Crises often function to highlight our unfreedom and lack of wholeness. Thus they also highlight our need for deep liberation and healing. And in this sense I think that Richard Rohr and David Tacey are right in highlighting the place and importance of crisis (which includes disillusionment etc). I also think that churches are incapable of helping in any deeply meaningful way. In this sense church will invariably, and I’m going to say, needfully fail us for this is a journey that we must own and take responsibility for. Sadly too, the church, like the Pharisees of Jesus’ day, often acts to prevent people from encountering and experiencing God (and so research by someone like Paul Hawker can suggest that people in church seldom, if ever, experience God). Church all too often gets in the way, both intentionally and unintentionally – church and belonging, in particular ways, doing particular things, fitting particular expectations etc become more important - become central to church belonging.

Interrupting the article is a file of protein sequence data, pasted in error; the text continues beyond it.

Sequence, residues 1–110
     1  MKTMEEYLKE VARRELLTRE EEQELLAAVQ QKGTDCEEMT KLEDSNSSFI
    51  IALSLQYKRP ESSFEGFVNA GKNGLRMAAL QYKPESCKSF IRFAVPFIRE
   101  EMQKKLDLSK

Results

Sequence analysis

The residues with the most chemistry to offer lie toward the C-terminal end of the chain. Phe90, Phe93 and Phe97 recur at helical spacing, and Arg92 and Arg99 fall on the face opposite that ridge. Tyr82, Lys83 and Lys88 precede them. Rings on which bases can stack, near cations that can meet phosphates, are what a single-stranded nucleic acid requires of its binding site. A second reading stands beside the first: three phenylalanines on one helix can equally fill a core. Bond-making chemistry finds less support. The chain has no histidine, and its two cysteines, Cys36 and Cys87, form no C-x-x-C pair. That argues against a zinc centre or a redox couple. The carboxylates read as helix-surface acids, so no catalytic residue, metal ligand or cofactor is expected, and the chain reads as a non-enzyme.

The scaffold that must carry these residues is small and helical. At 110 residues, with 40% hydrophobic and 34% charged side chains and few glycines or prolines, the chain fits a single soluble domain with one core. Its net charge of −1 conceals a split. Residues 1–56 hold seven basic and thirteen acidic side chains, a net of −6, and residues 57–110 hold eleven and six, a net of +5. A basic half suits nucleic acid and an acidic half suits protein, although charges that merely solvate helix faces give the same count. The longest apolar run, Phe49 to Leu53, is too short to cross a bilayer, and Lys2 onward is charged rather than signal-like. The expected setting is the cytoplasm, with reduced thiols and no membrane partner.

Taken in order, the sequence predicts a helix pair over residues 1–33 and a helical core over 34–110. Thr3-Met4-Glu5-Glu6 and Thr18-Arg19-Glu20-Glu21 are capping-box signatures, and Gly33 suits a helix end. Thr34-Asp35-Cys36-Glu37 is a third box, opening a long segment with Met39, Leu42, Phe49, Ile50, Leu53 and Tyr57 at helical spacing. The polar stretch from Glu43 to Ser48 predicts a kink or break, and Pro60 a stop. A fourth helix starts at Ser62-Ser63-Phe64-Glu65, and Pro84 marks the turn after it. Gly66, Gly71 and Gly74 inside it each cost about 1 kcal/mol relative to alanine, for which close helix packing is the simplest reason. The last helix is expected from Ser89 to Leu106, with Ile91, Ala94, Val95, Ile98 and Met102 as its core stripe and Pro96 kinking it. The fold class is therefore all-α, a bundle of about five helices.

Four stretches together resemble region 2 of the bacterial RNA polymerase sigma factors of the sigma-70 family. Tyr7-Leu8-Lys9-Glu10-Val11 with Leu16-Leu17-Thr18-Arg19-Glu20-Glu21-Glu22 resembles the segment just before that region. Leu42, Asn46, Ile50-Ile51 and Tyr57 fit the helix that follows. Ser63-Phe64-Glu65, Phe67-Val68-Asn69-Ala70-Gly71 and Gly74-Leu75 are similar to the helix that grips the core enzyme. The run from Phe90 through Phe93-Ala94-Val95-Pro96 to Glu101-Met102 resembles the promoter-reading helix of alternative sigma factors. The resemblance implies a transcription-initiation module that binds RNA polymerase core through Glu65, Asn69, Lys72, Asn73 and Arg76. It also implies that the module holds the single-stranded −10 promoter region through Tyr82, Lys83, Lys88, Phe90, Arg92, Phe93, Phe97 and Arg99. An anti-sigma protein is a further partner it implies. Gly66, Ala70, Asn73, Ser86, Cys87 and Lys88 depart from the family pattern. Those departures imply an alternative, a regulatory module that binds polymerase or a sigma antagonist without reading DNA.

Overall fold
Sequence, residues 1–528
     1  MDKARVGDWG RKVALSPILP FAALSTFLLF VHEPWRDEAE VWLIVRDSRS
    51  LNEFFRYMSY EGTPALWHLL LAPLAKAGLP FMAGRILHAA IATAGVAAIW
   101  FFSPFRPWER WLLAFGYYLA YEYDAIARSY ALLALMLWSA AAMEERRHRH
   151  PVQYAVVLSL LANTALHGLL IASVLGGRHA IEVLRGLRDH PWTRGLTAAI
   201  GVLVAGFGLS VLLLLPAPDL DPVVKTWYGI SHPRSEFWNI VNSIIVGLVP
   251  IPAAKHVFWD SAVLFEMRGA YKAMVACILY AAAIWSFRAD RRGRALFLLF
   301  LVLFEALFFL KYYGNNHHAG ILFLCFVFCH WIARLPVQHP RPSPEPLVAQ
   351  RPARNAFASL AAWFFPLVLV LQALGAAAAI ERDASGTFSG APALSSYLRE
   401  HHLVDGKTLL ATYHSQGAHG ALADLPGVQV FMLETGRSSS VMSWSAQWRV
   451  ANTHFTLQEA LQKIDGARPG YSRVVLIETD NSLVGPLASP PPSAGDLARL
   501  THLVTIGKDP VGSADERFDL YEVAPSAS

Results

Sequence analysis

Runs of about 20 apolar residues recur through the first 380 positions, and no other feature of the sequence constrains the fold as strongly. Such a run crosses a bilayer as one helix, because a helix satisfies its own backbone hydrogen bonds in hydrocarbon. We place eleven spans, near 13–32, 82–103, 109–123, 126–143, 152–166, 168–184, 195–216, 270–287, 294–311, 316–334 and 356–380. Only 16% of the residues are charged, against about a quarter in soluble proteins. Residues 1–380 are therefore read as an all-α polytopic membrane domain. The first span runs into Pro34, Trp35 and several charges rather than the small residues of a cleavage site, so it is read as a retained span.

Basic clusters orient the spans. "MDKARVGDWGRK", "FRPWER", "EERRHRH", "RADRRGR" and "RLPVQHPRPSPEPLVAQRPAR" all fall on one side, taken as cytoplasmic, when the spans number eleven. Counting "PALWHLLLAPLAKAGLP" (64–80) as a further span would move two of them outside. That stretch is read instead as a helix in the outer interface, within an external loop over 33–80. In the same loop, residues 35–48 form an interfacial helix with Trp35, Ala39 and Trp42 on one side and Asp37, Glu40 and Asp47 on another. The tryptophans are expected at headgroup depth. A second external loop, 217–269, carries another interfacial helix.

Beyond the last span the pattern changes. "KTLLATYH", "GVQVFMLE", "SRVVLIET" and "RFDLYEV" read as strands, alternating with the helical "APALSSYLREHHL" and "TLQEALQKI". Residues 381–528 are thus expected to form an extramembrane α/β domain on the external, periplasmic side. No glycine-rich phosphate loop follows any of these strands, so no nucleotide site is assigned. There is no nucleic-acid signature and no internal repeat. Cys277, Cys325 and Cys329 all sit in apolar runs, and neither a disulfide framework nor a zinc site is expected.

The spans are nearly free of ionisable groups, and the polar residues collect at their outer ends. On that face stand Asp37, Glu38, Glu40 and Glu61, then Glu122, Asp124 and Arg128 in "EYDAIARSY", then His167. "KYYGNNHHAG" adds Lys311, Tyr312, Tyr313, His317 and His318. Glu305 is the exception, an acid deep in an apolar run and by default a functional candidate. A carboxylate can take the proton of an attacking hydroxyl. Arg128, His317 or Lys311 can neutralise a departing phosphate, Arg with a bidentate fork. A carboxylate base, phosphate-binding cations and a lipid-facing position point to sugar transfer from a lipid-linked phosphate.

Often too, the local church often seems incapable of opening up the kind of space needed for people to explore the deep questions, aspirations and longing of their lives, while continuing the belong.[He comments on the above] People therefore invariably find that these deep questions etc take them beyond the edge of church belonging... and as Alan Jamieson’s most recent research indicates (published in 2006 as Five Years On in NZ), very very few ever return to a local church context, even though they may continue to belong in a much broader and more marginal sense than a lot of church goers are comfortable with.